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After a referendum blighted by misinformation and three bitter years of uncertainty, the UK has now officially left the EU, but in spite the celebrations on the banks of Westminster, the final impact of Brexit is still far from clear.

Despite proclamations to the contrary, Article 50’s signing was not the panacea that Farage and political Brexiteers have led the public to believe.

The UK must now begin a series of ‘protracted and uncertain’ trade negotiations to forge new deals with neighbouring and further afield countries alike.

In the context of the commercial property market, the 2016 EU referendum had a direct and undeniably significant impact on the sector, leading to a considerable slowdown in the leasing of offices across central London and major cities around the UK.

Over the following years, the market has rebounded, and leasing activity has proved somewhat robust in 2019. Figures from leading UK consultancy firm DeVono Cresa reveal that businesses were still cautious regarding the volume of space leased.

DeVono Cresa’s Head of Insight, Shaun Dawson

Shaun Dawson (pictured), Head of Insights at DeVono Cresa commented: “Brexit is of course only one-factor influencing decisions on space planning, with others including the steady increase in the use of technology, the need for more agile working, and an increasing focus on staff wellbeing.

“Another sign of previous economic and political uncertainty is the uplift in interest in short-term and flexible leasing.”

According to DeVono Cresa’s 2019 data, all major business sectors saw a downwards shift in terms of space leases, with the average size of leased office space down 15% (11,040 sq ft vs 9,338 sq ft) when compared to the long-term average.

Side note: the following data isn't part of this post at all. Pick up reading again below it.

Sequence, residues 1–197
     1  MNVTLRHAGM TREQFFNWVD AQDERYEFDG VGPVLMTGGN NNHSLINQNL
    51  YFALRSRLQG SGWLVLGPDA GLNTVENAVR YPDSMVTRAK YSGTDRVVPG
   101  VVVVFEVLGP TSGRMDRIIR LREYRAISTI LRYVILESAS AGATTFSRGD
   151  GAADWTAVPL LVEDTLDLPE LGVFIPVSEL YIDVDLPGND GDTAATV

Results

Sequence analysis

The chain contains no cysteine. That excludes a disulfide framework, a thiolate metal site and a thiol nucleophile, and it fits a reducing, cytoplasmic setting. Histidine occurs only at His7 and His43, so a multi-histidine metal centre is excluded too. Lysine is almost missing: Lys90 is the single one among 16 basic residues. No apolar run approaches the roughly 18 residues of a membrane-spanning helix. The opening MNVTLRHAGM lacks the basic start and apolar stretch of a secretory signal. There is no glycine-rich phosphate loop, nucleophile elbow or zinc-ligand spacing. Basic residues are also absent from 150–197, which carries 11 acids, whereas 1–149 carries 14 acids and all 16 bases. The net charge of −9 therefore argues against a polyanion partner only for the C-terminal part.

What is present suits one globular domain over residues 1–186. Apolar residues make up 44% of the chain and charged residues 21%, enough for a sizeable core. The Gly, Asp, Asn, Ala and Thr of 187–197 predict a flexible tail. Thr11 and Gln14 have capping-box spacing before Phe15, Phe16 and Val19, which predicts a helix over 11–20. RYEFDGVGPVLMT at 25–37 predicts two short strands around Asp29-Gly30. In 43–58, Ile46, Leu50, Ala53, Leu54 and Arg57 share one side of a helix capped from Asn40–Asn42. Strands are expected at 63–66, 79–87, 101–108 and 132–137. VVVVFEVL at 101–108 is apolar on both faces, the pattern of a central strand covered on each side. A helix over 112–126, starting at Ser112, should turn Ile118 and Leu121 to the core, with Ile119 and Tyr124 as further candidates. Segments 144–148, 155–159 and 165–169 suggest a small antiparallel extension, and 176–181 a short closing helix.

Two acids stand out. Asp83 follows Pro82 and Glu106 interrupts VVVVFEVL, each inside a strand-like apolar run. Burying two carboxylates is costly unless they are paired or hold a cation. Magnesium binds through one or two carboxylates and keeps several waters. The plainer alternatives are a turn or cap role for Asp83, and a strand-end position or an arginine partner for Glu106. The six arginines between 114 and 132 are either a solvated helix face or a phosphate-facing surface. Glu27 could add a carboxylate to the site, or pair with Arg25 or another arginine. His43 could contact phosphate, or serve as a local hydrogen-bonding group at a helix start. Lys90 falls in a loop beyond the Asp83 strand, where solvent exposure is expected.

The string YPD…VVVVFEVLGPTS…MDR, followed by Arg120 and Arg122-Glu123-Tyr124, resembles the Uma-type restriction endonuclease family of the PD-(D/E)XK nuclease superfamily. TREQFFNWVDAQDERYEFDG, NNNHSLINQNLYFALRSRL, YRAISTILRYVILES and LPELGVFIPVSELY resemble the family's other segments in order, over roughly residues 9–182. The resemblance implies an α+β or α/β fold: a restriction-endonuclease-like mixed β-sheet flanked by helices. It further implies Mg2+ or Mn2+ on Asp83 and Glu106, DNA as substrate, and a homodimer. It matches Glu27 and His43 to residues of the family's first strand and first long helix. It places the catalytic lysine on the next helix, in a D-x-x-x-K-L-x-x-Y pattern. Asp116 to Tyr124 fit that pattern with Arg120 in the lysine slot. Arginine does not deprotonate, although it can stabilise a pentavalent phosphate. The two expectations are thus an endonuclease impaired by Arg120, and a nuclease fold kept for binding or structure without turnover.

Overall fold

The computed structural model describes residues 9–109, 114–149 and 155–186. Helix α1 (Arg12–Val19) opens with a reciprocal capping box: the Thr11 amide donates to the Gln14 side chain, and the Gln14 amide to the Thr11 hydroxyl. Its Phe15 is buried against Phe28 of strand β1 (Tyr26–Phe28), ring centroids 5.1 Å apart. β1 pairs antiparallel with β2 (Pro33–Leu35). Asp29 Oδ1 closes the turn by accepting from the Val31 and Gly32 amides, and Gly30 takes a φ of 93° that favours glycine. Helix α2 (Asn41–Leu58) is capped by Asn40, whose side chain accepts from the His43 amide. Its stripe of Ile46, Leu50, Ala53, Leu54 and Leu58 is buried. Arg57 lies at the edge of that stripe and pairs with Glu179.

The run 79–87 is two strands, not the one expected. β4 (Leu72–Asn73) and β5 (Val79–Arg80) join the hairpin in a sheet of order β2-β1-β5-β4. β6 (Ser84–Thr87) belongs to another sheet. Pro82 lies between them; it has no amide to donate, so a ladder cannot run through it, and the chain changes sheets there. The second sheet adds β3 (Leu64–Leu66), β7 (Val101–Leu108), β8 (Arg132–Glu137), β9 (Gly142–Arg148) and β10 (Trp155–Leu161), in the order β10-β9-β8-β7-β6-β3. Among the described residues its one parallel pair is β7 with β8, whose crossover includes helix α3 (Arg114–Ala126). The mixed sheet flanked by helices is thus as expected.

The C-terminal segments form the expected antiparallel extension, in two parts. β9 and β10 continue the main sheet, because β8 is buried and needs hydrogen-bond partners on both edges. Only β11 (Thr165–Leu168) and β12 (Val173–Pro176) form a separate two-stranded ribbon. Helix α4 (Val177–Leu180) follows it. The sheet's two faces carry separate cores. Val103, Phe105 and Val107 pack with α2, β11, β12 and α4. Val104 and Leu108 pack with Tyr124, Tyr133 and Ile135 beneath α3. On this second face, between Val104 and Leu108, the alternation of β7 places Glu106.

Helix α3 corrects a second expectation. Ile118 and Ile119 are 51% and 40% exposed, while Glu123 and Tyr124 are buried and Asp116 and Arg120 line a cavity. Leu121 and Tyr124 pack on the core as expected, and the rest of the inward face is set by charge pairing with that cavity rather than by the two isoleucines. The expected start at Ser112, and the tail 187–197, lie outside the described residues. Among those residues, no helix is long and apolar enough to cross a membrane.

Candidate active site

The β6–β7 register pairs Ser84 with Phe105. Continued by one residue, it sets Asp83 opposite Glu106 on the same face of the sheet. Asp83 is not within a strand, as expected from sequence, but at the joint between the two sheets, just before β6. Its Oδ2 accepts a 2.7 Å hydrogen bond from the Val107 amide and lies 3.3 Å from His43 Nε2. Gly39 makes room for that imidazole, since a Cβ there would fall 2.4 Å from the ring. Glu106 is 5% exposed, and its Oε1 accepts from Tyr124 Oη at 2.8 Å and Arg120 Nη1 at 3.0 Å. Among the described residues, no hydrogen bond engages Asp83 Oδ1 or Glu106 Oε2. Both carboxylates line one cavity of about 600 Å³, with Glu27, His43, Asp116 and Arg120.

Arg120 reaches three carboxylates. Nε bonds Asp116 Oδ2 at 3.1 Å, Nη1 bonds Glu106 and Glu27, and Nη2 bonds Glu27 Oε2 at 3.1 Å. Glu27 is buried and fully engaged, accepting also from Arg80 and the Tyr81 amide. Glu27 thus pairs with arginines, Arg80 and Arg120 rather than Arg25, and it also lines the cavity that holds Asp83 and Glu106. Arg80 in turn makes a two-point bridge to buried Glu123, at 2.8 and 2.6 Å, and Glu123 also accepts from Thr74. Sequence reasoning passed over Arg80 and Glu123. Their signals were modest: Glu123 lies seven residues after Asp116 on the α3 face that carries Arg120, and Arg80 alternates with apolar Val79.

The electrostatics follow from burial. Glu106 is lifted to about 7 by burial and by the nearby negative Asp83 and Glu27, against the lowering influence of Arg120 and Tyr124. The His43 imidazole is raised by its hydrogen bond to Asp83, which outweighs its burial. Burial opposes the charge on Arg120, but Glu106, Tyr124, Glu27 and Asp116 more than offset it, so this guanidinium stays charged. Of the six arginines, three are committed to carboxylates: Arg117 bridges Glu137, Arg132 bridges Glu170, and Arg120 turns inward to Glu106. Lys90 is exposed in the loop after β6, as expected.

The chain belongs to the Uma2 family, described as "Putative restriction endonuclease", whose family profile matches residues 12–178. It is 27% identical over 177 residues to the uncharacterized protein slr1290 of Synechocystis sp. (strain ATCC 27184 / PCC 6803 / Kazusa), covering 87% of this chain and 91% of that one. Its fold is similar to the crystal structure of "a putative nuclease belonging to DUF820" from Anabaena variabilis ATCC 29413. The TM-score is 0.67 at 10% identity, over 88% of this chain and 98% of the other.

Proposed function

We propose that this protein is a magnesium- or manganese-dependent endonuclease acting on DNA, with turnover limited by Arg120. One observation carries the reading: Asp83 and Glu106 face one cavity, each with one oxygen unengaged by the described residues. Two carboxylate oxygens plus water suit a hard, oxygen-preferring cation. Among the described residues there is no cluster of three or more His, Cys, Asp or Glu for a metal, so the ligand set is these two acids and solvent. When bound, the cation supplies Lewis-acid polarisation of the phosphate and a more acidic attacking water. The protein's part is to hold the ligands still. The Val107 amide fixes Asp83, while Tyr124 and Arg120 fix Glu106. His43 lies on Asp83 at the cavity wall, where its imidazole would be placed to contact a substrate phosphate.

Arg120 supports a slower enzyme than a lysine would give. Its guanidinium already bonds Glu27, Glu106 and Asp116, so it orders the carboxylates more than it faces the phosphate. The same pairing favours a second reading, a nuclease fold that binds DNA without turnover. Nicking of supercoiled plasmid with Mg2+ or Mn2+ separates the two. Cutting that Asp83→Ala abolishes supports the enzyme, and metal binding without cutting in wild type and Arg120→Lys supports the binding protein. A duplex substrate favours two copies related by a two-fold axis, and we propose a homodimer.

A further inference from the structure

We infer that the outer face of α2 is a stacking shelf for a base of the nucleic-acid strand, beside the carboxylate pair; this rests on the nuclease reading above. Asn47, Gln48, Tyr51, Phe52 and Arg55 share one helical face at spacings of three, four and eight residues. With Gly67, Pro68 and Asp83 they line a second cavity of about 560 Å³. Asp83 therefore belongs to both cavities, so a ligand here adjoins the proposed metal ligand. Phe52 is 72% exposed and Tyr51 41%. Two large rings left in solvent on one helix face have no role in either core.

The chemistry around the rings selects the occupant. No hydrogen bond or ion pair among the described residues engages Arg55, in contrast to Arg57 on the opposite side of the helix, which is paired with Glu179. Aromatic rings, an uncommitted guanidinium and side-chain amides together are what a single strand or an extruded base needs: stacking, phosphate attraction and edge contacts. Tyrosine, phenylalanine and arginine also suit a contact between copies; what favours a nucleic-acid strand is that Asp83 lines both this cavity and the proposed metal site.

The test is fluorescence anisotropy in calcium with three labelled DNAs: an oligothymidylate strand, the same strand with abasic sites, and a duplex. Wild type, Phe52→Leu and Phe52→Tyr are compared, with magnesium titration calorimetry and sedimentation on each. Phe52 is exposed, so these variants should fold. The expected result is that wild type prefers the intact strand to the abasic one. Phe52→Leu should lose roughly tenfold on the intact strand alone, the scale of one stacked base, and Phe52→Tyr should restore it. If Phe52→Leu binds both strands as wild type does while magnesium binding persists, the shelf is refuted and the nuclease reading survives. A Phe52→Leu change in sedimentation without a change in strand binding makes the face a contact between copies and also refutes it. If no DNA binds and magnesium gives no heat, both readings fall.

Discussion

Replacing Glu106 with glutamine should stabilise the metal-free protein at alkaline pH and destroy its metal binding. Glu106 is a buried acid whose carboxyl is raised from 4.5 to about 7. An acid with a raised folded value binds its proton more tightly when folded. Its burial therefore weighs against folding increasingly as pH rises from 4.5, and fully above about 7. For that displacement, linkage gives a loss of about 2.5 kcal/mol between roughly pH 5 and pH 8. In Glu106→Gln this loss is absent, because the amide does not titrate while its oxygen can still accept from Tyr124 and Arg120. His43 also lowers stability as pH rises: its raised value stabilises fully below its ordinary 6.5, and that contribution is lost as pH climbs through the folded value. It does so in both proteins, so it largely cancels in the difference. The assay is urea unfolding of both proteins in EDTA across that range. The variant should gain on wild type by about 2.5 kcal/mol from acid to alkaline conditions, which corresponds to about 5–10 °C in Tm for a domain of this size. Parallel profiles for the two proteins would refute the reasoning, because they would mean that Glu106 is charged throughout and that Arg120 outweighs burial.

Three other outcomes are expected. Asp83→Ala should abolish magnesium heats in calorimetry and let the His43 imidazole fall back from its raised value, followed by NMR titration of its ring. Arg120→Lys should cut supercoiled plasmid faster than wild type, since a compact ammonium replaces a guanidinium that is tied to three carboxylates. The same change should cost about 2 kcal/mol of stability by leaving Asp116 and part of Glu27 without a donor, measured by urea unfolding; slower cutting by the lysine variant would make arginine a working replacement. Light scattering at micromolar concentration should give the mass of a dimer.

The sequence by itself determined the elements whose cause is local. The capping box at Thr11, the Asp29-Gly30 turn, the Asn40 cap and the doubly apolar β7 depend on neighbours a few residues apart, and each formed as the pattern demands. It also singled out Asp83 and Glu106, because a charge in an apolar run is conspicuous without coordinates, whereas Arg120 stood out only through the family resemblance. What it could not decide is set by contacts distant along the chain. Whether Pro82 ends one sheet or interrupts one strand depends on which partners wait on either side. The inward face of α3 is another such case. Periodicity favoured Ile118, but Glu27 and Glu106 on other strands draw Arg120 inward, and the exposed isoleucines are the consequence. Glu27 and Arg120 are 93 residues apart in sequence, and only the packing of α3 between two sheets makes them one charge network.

As shown in the graph below, Legal, Professional and Corporate business sectors saw the largest drop in leased space, with deal sizes down by approximately a third.

The political and economic uncertainty that Britain faces has caused businesses to prefer to hedge their bets on fully-serviced offices as a way to mitigate short-term uncertainty whilst also gaining better facilities in the process.

Unlike traditional offices, many serviced offices come with additional meeting rooms and at the higher-end of the serviced office spectrum, also contain perks such as on-site gyms.

Dawson remarks: “This analysis highlights how Brexit occurred at a time when the traditional office leasing market was going through a number of important paradigm shifts.

“As a result, DeVono Cresa believes it makes more sense to engage a trusted real estate partner to ensure that the search and selection process delivers the best space for the business – whether this is a move to a smaller space, a different type of lease, or even a different location.”

Following the December 2019 UK general election and the sizable majority held by the Conservatives, businesses across the board expressed tepid positivity and began to hold hope that the next phase of the ‘Brexit divorce’ -trade talks, would reflect positively on the UK. However, the outcome of such negotiations is far from guaranteed amidst Donald Trump’s ongoing impeachment procedure and the global Coronavirus outbreak that has the hearts and minds of Asian trading partners pre-occupied.

Despite the post-Brexit horizon being murky, there are some streaks of positivity, with record employment levels reported.

A reflective and upbeat Luke Philpott Joint CEO of DeVono Cresa concludes: “Global investment into the UK, and London specifically, is expected to pick up over the course of 2020, as greater political clarity and direction on economic spend has boosted investor confidence. Since the election, client search requests have risen by 40%.”

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